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Health Care executive examines healthy behaviors in men over 50

Posted by Elena del Valle on June 6, 2019

Crack the Code

Crack the Code

Photo: Somos

Louis Bezich, senior vice president of Strategic Alliances at Cooper University Health Care, is a passionate men’s health advocate. So much so that he dedicated four years to writing Crack the Code 10 Proven Secrets That Motivate Healthy Behavior and Inspire Fulfillment in Men Over 50 (Somos, $19.99), his first book. The 284-page softcover book, 100 percent self-financed, was published this year.

He hopes to motivate men over 50 to establish their own healthy lifestyles. He is already working on a follow up title on a topic he declined to disclose.

“The project involved concept development, initial focus groups, the national survey, interviews, probably a year or so of writing and editing, then post-writing development of the title, cover and other publication tasks,” he said by email when asked how long it took him to publish the book.

When asked why he wrote the book in 2019 he said, the combination of three factors inspired him to write the book: his personal experience, his belief that existing approaches to foster healthy behavior have failed, and his belief that the value-proposition is too strong to ignore.

“I discovered the power of motivation during my time as a single dad,” he said. “Exercise was my means of coping with the stress of raising two sons, pursuing a career and ensuring that I was fit so I would always be there for the boys. I witnessed first-hand the connection between happiness and healthiness. For me, what started as a coping mechanism as a twenty-something dad became a passion as a fifty-something man when the boys were off on their own.

When I became a health care executive, I was alarmed to learn that that only 3 percent of Americans lead a healthy lifestyle and 40 percent are considered obese. Even more concerning is that men over 50, my demographic, are the poster child for poor health practices; we refuse to see a doctor and have what experts call a health attention gap. All this in the context where our own behavior is by-far, the most significant influence on our health and we spend more on health that any other industrialized nation in the world. This represents a failure of our current systems and cry for a new unconventional approach.

Healthy behavior powered by social motivators is a win-win, personally, culturally and economically. As individuals we can improve our health and increase our happiness. As a society we have the ability to make a change with huge significance. And, from a health-care perspective, we can impact the need and ultimately the cost of care. (i.e., examples—seat belt use, smoking cessation, recycling). The case for healthy behavior is just too strong to ignore.”

Louis Bezich, author, Crack the Code

Louis Bezich, author, Crack the Code

When asked who is the primary target audience for the book he explained he expects it will appeal most to men over 50 and the people that love them; their wives, partners, children and grandchildren. Additional audiences could include health care providers, insurers, policy makers and “anyone who has struggled with their health.”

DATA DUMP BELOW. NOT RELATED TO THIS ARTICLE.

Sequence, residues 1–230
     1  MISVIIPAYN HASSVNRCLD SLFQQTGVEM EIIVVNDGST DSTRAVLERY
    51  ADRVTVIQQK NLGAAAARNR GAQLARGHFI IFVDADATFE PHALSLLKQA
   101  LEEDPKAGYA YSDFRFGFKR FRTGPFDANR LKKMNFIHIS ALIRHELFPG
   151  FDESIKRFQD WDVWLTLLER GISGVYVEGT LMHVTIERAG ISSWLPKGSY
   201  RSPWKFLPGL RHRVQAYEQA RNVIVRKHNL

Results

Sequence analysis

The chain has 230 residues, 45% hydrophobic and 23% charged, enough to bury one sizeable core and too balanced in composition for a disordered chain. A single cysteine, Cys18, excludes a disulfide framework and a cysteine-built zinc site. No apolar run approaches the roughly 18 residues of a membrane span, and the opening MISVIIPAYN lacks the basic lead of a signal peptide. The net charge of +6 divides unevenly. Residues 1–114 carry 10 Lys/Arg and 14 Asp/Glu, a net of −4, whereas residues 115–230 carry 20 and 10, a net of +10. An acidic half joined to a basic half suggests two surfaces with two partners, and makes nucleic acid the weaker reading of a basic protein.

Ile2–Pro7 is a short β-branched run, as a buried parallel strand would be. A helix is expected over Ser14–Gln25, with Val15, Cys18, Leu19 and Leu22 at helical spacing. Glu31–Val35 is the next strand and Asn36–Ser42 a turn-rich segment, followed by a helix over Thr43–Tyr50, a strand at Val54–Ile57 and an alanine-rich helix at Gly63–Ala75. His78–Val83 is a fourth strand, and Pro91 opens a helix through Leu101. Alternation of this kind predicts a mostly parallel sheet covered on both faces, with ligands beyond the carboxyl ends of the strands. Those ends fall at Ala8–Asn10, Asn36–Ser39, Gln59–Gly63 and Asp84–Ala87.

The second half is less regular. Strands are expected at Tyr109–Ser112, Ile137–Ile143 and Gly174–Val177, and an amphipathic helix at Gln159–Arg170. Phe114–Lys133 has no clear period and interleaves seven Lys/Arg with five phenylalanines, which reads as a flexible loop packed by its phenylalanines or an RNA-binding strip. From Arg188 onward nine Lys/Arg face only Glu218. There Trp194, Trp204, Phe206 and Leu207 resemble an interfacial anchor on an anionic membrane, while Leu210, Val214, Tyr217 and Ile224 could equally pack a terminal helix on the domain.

The “10 Proven Secrets” mentioned in the book’s subtitle refer to his research on healthy behaving men 50 and over that included a survey of 1,000 men nationwide and 30 interviews. He believes his findings are consistent with the literature on behavioral health.

When asked to share advice with readers who struggle adopting healthy behaviors such as adjusting to changes, making new friendships and relationships he replied, “Before your purchase that gym membership, order the exercise equipment or start that new diet, build your personal motivational platform based around your social relationships following these three basic steps: Conduct Your Social Inventory. Think about what’s most important in your life. Really consider, I mean really think about what’s ahead in the years to come, and what you’d like to be doing this week, this month or this year with your wife, partner, children, grandchildren, your job, your volunteer work whatever. Think about the rest of your life; what’s ahead for you, and perhaps more importantly, what the future holds for the ones your love. Think about the joy of active participation, versus restricted or perhaps even no participation in their lives. When you’ve completed your inventory, think about how your aspirations match your current lifestyle and recognize the gaps.

Build Your Social Platform. Second, based on your inventory, and those gaps you’ve identified, build your personal social platform. The healthy men have clear social goals and robust calendars and activities that give them purpose and meaning, and most importantly, the motivation to stay healthy. Do the same and engage your loved ones in the process. It can actually be fun.

Third, work your strategy. Find your rhythm. The healthy men use routines, rituals and habits as guardrails of their behavior and are in a position to bounce back quickly if they are drawn off course. Rhythm feels good and provides a level discipline.”

With more than 40 years of executive experience, Bezich also serves as an adjunct professor in the Graduate Department of Public Policy Administration at Rutgers University. Bezich has published numerous articles in the field of public administration and health and is a contributing author to Corporate Lawbreaking and Interactive Compliance.

Crack the Code

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